Parents who attempt to use NVC with their children are especially challenged. For example, someone told me that every time she tries to use NVC with her teenage son he tells her to shut up. She was at a loss about how to communicate with her son. I was not surprised. One of the nice things about teenagers is that they have extremely well-honed bullshit detectors.  What they are detecting is authenticity.  Is it for real? If her son doesn’t want to hear her speech, that means he knows there’s something going on and she is not saying it. That’s when we discovered that she was nervous about using NVC, and never told him. She could immediately see that the nervous would leak. As Marshall Rosenberg, originator of NVC, has said, unacknowledged fear looks like aggression. We can’t use NVC language as a substitute for real connection.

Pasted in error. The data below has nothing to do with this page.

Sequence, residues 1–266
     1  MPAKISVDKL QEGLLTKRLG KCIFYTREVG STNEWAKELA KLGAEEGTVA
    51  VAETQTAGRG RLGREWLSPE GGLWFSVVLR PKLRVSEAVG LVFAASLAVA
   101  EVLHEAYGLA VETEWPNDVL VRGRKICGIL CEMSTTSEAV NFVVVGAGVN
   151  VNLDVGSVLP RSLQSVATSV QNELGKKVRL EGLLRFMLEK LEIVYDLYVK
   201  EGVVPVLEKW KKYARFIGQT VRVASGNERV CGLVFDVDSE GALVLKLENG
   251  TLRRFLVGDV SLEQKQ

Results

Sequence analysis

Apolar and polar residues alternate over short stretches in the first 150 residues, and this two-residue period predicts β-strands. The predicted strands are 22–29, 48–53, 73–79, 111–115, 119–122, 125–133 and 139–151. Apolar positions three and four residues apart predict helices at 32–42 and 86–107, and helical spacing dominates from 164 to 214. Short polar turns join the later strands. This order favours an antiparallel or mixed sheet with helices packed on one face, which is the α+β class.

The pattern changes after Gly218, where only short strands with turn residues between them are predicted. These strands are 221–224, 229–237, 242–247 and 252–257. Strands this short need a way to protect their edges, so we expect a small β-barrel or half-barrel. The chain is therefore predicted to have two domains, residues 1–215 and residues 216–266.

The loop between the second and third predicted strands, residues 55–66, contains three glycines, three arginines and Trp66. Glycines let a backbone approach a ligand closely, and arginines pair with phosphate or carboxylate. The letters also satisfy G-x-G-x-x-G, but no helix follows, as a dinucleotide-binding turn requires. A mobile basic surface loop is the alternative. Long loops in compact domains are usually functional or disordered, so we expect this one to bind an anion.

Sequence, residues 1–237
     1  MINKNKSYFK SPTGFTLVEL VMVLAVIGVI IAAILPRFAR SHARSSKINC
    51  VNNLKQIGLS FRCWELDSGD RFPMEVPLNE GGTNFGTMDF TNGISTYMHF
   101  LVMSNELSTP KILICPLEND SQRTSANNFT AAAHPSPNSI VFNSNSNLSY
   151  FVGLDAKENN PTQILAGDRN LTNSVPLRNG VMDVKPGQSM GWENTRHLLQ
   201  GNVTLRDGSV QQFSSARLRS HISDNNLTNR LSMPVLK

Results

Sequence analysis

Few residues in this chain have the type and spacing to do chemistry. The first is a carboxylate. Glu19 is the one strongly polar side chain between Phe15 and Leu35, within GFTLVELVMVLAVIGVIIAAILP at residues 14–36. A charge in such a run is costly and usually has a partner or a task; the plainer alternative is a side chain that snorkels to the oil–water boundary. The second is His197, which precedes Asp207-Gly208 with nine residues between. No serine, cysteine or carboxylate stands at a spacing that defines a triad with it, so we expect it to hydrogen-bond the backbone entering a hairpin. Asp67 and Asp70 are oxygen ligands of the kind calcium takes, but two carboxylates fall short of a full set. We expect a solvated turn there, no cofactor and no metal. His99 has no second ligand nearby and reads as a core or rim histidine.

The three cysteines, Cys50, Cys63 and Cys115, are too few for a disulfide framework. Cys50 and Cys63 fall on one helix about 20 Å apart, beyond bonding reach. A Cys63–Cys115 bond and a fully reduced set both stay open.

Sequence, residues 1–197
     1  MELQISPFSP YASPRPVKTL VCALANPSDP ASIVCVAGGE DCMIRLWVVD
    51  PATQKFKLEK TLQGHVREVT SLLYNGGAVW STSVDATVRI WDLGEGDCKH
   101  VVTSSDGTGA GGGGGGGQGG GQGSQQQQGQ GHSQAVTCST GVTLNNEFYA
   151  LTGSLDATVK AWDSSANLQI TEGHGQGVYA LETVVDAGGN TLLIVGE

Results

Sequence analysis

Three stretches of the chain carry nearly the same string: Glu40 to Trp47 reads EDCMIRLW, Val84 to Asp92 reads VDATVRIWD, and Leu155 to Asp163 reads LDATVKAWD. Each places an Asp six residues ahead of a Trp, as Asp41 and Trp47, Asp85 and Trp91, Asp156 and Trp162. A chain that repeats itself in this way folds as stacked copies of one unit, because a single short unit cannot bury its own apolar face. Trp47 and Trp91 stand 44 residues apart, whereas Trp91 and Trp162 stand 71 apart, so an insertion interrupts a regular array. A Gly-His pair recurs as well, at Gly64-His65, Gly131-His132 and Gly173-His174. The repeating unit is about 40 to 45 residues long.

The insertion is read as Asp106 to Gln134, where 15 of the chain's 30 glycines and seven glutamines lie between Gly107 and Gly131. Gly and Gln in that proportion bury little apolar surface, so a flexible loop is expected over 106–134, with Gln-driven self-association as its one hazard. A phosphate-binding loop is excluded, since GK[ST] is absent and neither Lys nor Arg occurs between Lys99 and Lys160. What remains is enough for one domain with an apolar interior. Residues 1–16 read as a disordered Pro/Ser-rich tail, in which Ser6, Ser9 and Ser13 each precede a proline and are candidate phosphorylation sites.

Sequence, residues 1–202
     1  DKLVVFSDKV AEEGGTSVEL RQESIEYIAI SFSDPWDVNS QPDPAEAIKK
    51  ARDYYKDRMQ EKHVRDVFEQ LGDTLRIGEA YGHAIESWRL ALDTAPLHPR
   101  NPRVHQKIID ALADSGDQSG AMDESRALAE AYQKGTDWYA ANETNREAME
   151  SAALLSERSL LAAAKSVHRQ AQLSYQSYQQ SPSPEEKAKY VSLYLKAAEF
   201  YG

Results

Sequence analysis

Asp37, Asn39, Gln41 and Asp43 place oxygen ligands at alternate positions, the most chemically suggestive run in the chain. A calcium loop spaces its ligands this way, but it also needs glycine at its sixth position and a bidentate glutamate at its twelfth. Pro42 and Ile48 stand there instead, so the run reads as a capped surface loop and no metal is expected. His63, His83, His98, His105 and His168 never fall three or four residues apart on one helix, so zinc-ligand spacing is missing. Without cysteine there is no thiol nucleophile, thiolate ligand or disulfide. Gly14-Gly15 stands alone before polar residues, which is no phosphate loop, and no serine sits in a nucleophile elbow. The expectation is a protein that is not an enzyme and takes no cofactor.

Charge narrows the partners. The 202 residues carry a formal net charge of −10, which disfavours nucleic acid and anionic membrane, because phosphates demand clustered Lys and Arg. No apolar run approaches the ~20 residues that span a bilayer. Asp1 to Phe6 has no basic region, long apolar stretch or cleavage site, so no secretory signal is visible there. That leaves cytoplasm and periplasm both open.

Sadly, often enough we think that there is some kind of big truth that we have to express and if we can’t express it then we don’t know what to do. In my experience, more often than not there is a small truth that we can express. In this example, it’s not the nervousness that disconnects this person from her son. It’s having the nervousness and trying to pretend its not there. The simplicity of telling her son that she is nervous simply didn’t occur to her.
Ah, there is so much more to say about this topic. I feel very passionate about wanting the practice of NVC to nourish life and connection; wanting people who learn NVC to treat each other and everyone else with love instead of correcting each other’s speech; and wanting the consciousness of nonviolence at its purest form to permeate life so we can turn the tide of destruction we have been on for so long.